“Toward the end of last night’s presidential debate between President Barack Obama and Gov. Mitt Romney, the moderator, CNN’s Candy Crowley, asked a perfectly legitimate question, one that Obama himself is once reported to have asked a group of tech executives that included the late Apple CEO Steve Jobs,” Arik Hesseldahl writes for AllThingsD. “Essentially it was this: Why can’t iPhones and iPads be manufactured in the U.S.?”
“Sadly, both Obama and Romney flubbed their answers, and educated voters not at all,” Hesseldahl writes. “Here’s what one of them — either one, I don’t care which, and assuming no time limit — should have said in response.”
Candy, I understand how some people might get frustrated when they see Chinese workers assembling iPhones. It’s easy to think that those jobs rightly belong in America. The reality is a little more complex, but when you understand it, there’s a surprising amount of good news for American workers.
The fact is, assembling iPhones and iPads is the final step of a complex process, and is really a low-skill, low-cost kind of job. China has spent decades building much of its economy around these low-skill jobs, in part because it has such a large labor force and plenty of workers who are willing to do the work. And, frankly, here in America you wouldn’t want to try to support a family on the kind of wages a job like that would pay. I know it sounds harsh, but it’s true. So I know this may sound odd when I say it, but I ask you to hear me out: I’m perfectly comfortable letting those kinds of jobs go to China or somewhere else.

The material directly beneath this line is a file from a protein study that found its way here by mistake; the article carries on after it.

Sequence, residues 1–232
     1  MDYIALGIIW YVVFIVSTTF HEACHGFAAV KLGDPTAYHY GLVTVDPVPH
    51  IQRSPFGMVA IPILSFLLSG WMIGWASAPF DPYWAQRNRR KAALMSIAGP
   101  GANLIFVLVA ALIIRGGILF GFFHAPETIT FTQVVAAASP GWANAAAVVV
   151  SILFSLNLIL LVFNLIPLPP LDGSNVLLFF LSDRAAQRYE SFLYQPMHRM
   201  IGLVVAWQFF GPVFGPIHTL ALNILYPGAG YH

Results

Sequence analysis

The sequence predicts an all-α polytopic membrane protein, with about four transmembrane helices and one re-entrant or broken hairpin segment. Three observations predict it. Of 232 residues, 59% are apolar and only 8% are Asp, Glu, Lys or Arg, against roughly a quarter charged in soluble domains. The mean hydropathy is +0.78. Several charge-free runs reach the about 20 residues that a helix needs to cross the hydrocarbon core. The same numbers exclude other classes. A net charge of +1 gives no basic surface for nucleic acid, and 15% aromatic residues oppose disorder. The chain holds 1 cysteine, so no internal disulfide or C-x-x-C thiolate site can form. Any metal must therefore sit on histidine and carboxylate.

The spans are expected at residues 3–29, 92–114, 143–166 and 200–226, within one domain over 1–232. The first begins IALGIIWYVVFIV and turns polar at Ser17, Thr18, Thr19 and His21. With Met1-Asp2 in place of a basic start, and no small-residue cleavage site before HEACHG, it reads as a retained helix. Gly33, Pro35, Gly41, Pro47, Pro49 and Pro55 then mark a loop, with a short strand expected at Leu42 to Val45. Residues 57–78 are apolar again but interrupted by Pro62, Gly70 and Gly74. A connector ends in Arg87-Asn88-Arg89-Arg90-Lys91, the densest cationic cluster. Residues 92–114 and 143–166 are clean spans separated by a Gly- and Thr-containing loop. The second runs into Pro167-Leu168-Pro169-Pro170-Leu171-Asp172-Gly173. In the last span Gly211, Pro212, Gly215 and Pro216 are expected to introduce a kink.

In fact, some researchers at the University of California at Berkeley found that for every iPad or iPhone manufactured, Chinese workers add $10 or less to the value of an iPad or iPhone. On an iPad, they found that American workers add $162 worth of value, and on an iPhone it was more than twice as much.
In America, when we talk about manufacturing, we should be talking about advanced manufacturing jobs for highly skilled workers that require a solid education and pay wages on which you can support a family. And the fact is, there’s a lot of American work that goes into an iPad or an iPhone or a Mac.
Tons more in the full article – very highly recommended – here.
[Thanks to MacDailyNews readers too numerous to mention individually for the heads up.]
Romney and Obama spar over Apple’s Mac, iPad, and iPhone manufacturing jobs – October 17, 2012